"An eye wich goes through an operation for the removal of catarct is nt able to accomodate the focal length." Does this mean that the eye is now presbyopic?

Asked by aarti prakash | 13th Mar, 2011, 12:00: AM

Expert Answer:

Dear student,
Presbyopia is an aging vision condition in which the crystalline lens of your eye loses its flexibility. This results in progressive difficulty in focusing on close objects. Your eye stops growing in your early teens. The lens, however, continues to grow and produce more and more cells. This continued growth eventually causes the lens to harden and lose some of its elasticity and therefore some focusing ability.
Now, Let me tell you, as what is a capsule,The natural lens of the eye is held in place by a thin clear membrane called the lens capsule. The capsule completely surrounds the lens and separates it from the thick fluid in the back of the eye, called the vitreous, and the thinner fluid in the front of the eye, called the aqueous.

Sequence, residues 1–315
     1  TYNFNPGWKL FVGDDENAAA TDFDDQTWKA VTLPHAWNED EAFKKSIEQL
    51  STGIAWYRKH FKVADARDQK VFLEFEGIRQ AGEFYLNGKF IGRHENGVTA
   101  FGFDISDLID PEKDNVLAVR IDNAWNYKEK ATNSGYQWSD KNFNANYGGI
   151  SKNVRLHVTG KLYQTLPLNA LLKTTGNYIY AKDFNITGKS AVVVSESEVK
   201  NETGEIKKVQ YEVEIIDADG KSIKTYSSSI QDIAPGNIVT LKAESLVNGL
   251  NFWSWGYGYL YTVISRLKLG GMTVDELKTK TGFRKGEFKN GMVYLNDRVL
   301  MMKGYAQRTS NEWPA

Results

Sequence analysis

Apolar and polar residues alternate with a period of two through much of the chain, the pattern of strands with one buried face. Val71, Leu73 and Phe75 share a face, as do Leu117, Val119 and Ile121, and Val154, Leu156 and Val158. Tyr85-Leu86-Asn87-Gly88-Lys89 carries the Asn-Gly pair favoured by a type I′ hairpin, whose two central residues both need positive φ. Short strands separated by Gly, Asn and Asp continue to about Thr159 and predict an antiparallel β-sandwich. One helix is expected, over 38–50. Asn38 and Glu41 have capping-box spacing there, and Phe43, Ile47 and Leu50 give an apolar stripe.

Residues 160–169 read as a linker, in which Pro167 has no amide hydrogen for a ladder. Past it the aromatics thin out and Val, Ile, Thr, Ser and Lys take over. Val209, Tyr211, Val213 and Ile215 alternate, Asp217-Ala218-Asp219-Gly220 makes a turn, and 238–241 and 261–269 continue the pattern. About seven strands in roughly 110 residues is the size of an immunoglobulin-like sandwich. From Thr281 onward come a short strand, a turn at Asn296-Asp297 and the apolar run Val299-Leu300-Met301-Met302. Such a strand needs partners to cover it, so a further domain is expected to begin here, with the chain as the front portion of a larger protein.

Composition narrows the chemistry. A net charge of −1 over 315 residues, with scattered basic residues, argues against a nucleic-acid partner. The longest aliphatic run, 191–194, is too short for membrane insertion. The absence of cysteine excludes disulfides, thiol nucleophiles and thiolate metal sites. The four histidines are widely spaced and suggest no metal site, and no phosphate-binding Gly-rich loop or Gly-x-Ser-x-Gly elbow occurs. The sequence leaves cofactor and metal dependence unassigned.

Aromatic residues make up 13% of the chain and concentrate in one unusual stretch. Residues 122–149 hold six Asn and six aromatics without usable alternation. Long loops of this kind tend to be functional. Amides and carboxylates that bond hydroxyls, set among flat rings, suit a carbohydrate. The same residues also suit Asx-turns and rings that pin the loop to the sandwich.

A cloudy capsule will many times appear the same way as the original cataract. The vision is cloudy or hazy and the patient is heavily bothered by glare. In fact, vision is so similar that some patients think that the cataract has come back or regrown. This is impossible, cataracts cannot return once the natural lens has been removed.

If your vision is getting worse after cataract surgery, it could be that your capsule is becoming cloudy. Your eye doctor should give you a thorough eye examination to determine the cause of your vision loss. If your capsule is becoming cloudy, your eye doctor can then determine whether a capsulotomy is necessary to improve your vision.

Hope this helps.

Answered by  | 12th Mar, 2011, 10:53: PM

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